An Island to Oneself
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Thomas Francis "Tom" Neale (November 6, 1902 - November 27, 1977) was a New Zealander bushcraft and survival enthusiast who spent much of his life in the Cook Islands and 16 years in three sessions living alone on the island of Anchorage in the Suwarrow atoll, which was the basis of this autobiography.
several of the crew — good-hearted, cheerful, bare-chested boys from the outer islands in search of adventure — and we carried nine native passengers as well as myself. There were five women and four men, all returning to Manihiki after visiting relatives in Raro, and they were bursting with the infectious exuberance of people just ending a wonderful holiday in the "big city." The forward deck was cluttered with their farewell gifts; everything from newly-plaited hats to bundles of protesting
the food safe seemed strong when I swung the door open and the three shelves were in good condition. To complete the furnishings, the coast-watchers had built a solid table — more of a bench, really — running nearly the length of the longest wall and facing out on to the yard, with shutters above it. I wonder if you can appreciate the excitement I felt when I discovered this unexpected treasure. I know I had barely landed on Anchorage, yet the sight of these solid pieces of furniture — which
distance, was a sail. I stared in momentary disbelief, but there it was, one of the most beautiful sights the Pacific can ever offer — a ship in full sail edging her way through the blue waters. She was plainly making for the entrance to the lagoon. It was so long since I had seen a sail that it took an appreciable time for the reality to sink in, for me to realise that in an hour or two I would actually be talking to other people; men, perhaps women; talking to them, instead of to myself! Once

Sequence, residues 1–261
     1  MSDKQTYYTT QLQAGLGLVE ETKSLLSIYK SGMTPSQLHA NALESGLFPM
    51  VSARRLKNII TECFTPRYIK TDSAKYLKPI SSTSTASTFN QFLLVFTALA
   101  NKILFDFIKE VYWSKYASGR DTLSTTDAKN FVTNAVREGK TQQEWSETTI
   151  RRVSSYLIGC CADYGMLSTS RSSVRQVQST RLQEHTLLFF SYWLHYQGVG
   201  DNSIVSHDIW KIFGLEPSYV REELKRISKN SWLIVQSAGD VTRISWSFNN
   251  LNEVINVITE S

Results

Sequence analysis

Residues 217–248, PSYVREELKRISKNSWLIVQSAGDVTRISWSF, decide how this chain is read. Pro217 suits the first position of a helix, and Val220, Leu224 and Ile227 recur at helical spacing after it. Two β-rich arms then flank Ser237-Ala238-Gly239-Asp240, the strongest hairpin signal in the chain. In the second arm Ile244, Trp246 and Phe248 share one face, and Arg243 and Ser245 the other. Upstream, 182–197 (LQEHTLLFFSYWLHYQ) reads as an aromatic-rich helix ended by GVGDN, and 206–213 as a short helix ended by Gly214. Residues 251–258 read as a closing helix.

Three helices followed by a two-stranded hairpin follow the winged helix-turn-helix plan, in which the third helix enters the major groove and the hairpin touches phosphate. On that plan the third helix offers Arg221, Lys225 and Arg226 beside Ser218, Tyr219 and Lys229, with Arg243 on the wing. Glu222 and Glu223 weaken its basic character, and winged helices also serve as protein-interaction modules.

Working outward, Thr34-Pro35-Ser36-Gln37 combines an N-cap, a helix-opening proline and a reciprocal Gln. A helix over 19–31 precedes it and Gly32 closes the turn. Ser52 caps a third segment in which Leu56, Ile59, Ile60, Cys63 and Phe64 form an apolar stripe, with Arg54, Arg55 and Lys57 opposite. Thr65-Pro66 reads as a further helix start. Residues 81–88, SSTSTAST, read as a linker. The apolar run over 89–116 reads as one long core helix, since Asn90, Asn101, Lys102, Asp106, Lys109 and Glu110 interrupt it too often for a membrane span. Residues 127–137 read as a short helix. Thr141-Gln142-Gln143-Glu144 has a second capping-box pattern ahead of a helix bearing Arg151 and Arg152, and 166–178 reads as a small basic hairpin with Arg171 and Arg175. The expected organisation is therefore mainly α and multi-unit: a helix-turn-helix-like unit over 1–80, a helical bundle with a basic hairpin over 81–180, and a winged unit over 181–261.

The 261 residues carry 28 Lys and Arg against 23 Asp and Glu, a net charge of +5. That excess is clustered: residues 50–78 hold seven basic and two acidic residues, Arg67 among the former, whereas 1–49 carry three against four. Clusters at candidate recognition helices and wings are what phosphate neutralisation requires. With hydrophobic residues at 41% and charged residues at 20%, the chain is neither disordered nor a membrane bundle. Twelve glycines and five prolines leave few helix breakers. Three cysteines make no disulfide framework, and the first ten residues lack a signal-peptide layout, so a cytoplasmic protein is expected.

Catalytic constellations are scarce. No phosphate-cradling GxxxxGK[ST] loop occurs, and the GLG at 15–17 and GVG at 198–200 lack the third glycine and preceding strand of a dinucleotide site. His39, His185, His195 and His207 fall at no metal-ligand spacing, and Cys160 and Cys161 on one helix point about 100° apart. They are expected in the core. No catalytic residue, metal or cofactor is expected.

start cooking dinner, Tom brought out a bottle of excellent rum, held it up and said, "How about a drink?" Now it was ten months since I had tasted alcohol, and never once during that time had I even so much as thought about it. I never miss drinking — but that doesn't mean to say that I don't enjoy a drink or two, particularly rum, and I looked at the bottle in Tom Worth's hand, almost afraid of the effect it might have on me. He must have noticed my hesitation for he refrained from pouring a
each time as though a powerful hand were preventing me from moving. Since then I've heard that a man with a stiff neck is totally unable to force himself to turn his head suddenly. This was my predicament, complicated almost beyond endurance since my whole body seemed clamped in one vast, torturing vice. I still do not know how I did it. I simply cannot recall exactly how I summoned the energy and determination which enabled me to crawl the ten yards to the boat. I have no idea how long it took,